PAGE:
www.louishaugh.com    

26 Apr 11 at 1 pm

I know..

Kate Nevin

An exploration of thoughts and emotions surrounding the absence of a parent.

www.bluesgonegrey.blogspot.com

nevin.katie@gmail.com

I know..
Kate Nevin
An exploration of thoughts and emotions surrounding the absence of a parent.
www.bluesgonegrey.blogspot.com
nevin.katie@gmail.com

26 Apr 11 at 11 am

Travelling Obscura 

David Morrissey

www.dmorrisseyphoto.com

Travelling Obscura 
David Morrissey
www.dmorrisseyphoto.com

25 Apr 11 at 6 pm

Falling Between Two Stools

Craig D’Alton

Craig comes from a fourth generation farming family in Co.Wexford. Using his background in farming he began to develop the work ‘Falling Between Two Stools’.

The phrase echoes through the lives of the men and women form his local community who are directly or indirectly marked by farming the land in an ever-changing social and political landscape.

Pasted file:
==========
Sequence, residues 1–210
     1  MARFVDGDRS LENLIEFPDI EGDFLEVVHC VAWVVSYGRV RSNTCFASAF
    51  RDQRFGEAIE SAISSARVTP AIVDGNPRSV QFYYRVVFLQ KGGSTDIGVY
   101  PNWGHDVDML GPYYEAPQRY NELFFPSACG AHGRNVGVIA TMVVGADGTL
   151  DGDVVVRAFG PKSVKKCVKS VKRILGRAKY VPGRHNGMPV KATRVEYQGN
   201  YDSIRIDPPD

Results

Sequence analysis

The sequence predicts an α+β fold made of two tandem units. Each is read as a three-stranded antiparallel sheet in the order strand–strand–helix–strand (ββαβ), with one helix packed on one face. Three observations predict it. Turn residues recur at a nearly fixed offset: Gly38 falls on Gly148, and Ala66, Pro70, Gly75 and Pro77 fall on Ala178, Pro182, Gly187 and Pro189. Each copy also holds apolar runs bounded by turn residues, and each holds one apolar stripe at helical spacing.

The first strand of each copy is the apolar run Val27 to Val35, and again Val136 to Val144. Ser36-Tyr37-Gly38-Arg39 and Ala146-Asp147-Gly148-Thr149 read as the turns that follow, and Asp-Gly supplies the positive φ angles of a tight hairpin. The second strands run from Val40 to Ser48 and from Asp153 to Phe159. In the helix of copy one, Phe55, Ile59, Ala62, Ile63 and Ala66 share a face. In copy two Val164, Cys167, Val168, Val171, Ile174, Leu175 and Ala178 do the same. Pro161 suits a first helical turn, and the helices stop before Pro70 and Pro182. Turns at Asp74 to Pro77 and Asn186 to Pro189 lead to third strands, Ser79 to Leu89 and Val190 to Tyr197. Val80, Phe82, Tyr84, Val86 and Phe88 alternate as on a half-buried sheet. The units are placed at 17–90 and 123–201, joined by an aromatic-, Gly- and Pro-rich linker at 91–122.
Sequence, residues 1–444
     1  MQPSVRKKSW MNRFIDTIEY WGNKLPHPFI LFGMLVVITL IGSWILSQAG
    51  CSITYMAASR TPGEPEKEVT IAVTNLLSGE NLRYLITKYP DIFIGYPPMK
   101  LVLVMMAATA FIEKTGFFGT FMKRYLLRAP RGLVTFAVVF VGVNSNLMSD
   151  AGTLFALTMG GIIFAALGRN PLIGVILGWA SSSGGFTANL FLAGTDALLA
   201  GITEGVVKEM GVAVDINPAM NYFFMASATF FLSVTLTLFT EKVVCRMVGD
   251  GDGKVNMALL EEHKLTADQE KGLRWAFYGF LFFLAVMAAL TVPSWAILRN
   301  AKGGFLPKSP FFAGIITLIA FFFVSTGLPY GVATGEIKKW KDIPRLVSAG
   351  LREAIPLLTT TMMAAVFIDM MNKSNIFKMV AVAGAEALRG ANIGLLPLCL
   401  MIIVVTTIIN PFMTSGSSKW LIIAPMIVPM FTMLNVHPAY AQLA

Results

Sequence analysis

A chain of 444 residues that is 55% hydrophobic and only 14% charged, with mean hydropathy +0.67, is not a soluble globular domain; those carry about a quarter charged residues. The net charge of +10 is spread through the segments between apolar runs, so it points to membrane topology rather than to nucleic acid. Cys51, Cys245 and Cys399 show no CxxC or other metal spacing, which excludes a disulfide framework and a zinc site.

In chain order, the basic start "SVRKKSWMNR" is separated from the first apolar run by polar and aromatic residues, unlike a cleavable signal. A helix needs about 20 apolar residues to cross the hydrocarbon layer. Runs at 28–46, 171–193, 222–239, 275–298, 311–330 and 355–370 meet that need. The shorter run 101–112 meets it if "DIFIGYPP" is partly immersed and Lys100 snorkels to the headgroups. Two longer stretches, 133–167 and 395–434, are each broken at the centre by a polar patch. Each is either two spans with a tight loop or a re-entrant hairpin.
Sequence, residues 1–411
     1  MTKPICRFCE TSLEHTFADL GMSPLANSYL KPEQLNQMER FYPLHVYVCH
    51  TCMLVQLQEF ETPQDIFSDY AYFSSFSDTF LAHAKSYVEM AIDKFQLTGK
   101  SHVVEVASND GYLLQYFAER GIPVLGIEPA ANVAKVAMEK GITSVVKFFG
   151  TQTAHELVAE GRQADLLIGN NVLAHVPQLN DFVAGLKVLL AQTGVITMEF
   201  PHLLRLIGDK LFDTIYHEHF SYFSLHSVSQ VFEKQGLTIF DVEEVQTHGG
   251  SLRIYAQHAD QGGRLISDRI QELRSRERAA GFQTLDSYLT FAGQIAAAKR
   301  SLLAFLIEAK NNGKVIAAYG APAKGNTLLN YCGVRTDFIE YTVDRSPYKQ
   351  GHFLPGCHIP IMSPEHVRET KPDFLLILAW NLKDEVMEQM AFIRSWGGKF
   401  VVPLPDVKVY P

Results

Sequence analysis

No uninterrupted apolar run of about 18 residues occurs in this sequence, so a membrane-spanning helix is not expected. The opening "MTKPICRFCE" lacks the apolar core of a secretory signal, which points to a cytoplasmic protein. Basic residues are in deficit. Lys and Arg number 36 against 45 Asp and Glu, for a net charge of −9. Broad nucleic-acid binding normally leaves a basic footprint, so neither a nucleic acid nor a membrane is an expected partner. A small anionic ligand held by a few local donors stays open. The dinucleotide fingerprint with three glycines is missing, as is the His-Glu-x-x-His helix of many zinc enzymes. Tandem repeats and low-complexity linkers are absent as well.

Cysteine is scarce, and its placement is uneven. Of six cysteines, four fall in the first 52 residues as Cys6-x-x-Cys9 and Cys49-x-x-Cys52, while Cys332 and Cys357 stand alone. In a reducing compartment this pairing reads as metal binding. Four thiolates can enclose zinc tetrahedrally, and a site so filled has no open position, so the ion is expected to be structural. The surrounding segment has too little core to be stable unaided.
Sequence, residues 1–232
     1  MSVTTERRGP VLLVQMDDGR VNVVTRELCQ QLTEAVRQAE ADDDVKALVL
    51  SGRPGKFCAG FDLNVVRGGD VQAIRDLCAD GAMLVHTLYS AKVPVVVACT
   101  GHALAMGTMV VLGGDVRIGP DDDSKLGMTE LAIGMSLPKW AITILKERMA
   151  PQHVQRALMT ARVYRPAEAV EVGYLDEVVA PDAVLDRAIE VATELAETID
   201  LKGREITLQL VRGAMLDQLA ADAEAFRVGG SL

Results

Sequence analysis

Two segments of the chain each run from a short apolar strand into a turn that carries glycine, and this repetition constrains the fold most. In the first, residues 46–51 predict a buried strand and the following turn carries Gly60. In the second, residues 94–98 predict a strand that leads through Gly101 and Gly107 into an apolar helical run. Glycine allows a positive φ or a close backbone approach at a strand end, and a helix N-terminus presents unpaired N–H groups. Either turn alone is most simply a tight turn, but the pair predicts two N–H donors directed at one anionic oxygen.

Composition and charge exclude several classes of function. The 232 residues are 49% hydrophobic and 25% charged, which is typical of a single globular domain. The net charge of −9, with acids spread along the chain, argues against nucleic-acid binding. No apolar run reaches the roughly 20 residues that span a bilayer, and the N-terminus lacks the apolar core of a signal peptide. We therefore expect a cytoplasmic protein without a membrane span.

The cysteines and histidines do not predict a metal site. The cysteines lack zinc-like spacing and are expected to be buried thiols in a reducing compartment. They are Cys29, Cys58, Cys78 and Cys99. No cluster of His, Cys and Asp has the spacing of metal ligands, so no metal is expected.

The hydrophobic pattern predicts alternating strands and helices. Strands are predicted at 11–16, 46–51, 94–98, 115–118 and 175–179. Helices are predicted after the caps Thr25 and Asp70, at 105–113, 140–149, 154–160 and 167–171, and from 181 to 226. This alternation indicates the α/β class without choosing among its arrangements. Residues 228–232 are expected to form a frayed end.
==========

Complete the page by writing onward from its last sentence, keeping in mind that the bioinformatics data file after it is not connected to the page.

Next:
It documents the joys and challenges faced as they struggle to balance tradition, careers and relationships. In addition, it recognises those who no longer work the land, leasing it to a younger generation.

With this work, Craig has provided a portrait of a community, and their connection to the landscape that they have belonged to all their lives. It is strengthened by their voice and the honesty of their words.

www.craigdaltonphotography.com

craigdalton999@hotmail.com

Falling Between Two Stools
Craig D’Alton
Craig comes from a fourth generation farming family in Co.Wexford. Using his background in farming he began to develop the work ‘Falling Between Two Stools’.
The phrase echoes through the lives of the men and women form his local community who are directly or indirectly marked by farming the land in an ever-changing social and political landscape.
It documents the joys and challenges faced as they struggle to balance tradition, careers and relationships. In addition, it recognises those who no longer work the land, leasing it to a younger generation.